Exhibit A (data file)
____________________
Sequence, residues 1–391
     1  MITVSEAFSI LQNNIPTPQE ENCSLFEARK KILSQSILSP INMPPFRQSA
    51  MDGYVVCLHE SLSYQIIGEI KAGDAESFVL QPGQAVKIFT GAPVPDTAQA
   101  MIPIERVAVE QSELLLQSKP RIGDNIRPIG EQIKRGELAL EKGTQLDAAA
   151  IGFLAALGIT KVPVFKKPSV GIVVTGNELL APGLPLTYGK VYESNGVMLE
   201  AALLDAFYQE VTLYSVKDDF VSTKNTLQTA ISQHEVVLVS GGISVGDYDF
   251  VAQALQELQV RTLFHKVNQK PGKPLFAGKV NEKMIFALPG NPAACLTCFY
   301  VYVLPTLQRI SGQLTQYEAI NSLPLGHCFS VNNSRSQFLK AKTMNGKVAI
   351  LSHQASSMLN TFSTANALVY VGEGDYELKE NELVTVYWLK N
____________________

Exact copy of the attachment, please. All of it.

Sequence, residues 1–391
     1  MITVSEAFSI LQNNIPTPQE ENCSLFEARK KILSQSILSP INMPPFRQSA
    51  MDGYVVCLHE SLSYQIIGEI KAGDAESFVL QPGQAVKIFT GAPVPDTAQA
   101  MIPIERVAVE QSELLLQSKP RIGDNIRPIG EQIKRGELAL EKGTQLDAAA
   151  IGFLAALGIT KVPVFKKPSV GIVVTGNELL APGLPLTYGK VYESNGVMLE
   201  AALLDAFYQE VTLYSVKDDF VSTKNTLQTA ISQHEVVLVS GGISVGDYDF
   251  VAQALQELQV RTLFHKVNQK PGKPLFAGKV NEKMIFALPG NPAACLTCFY
   301  VYVLPTLQRI SGQLTQYEAI NSLPLGHCFS VNNSRSQFLK AKTMNGKVAI
   351  LSHQASSMLN TFSTANALVY VGEGDYELKE NELVTVYWLK N